Lauren Gravitz in Scientific American:
Every cancer has a weak spot — a genetic vulnerability that could be exploited by the right drug — and many envision a day when the genome of every cancer will be sequenced, in full or in part, and then paired with an appropriate therapy. Researchers point to the effectiveness of imatinib (marketed as Gleevec and Glivec) against chronic myelogenous leukaemia (CML) — a rare blood cancer — as perhaps the greatest success in the personalized cancer field so far. CML is most often caused by an abnormal gene rearrangement in which pieces of two chromosomes switch places with each other. Assessing whether a patient is a candidate for the drug requires the analysis of a small group of genes in what is referred to as a gene panel. “In the 1980s, unless you got a bone-marrow transplant, the disease was an absolute death sentence in four to six years,” says Razelle Kurzrock, director of the Center for Personalized Cancer Therapy at the University of California, San Diego. “Today, average survival is more than 20 years. And because the average age at diagnosis is 60, it's almost a normal life expectancy.” That success comes at a price: in 2012, a year's worth of the therapy cost US$92,000. Imatinib's success has not been easy to duplicate. Every tumour has a unique set of genetic mutations — tumours are commonly likened to snowflakes, each is slightly different from the next. And this heterogeneity, which is found even between cells in a single tumour, means that matching a patient with the appropriate therapy can be a complex proposition.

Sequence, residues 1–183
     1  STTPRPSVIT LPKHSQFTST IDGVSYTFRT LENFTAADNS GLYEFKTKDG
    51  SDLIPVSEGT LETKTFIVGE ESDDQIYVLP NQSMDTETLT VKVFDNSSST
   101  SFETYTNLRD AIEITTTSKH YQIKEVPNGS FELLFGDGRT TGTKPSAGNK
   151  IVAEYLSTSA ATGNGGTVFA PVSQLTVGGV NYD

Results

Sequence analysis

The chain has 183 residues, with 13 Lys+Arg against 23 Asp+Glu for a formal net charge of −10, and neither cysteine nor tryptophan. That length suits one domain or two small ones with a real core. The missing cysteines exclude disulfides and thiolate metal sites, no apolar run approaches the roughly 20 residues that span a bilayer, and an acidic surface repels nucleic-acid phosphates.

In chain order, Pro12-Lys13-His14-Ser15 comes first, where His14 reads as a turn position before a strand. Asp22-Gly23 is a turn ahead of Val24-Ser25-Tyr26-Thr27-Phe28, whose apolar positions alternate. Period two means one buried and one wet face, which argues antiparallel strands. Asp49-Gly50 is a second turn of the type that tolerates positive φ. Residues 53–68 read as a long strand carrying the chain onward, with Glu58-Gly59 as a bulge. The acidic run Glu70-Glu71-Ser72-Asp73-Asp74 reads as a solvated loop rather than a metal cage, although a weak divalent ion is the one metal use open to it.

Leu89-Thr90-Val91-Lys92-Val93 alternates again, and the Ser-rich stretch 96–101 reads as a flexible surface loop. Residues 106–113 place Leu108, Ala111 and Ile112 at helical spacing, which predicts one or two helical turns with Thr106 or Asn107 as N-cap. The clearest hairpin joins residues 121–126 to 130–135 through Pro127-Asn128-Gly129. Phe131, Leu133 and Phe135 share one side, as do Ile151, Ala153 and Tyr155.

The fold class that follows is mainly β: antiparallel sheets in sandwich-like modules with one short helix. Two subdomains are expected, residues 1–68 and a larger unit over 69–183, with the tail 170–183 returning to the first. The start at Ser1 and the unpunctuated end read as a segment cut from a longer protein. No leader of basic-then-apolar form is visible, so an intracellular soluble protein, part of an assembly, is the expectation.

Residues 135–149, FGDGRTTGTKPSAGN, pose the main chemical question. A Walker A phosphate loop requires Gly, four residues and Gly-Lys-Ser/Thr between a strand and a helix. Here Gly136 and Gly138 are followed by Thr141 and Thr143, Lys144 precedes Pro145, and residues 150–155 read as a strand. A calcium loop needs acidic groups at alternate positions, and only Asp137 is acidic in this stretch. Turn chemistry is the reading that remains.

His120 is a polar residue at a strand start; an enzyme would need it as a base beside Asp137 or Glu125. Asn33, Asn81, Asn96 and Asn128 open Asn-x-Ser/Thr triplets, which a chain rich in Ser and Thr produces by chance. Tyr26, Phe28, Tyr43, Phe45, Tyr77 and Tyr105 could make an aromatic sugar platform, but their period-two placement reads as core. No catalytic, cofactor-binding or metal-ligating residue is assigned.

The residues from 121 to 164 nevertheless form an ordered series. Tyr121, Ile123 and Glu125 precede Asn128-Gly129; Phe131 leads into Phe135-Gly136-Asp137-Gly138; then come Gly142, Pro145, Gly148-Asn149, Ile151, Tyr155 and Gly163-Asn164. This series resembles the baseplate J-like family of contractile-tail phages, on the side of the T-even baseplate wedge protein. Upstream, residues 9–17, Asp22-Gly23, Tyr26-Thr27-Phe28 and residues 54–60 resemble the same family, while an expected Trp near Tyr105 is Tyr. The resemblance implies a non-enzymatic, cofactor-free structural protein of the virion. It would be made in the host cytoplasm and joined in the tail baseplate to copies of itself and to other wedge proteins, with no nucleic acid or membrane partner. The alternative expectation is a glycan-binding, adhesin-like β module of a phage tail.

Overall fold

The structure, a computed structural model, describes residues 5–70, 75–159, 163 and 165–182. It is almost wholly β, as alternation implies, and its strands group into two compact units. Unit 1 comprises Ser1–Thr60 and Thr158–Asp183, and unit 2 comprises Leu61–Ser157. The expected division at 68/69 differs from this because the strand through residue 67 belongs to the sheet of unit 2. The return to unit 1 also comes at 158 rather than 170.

Vulnerabilities such as the one that imatinib capitalizes on are known as driver oncogenes, genetic changes that generate the proteins driving a cancer's growth. Disabling these proteins should, at least in theory, beat back the disease. The number of driver oncogenes seems to be limited — perhaps as few as 200–300 common ones, says Robert Nussbaum, a medical geneticist at the University of California, San Francisco. Understanding how to disable the common driver oncogenes should therefore enable the treatment of a large number of cancers. “First, we have to know what the genes are and how are they mutating. Then, the second challenge is developing drugs that target these abnormally activated proteins,”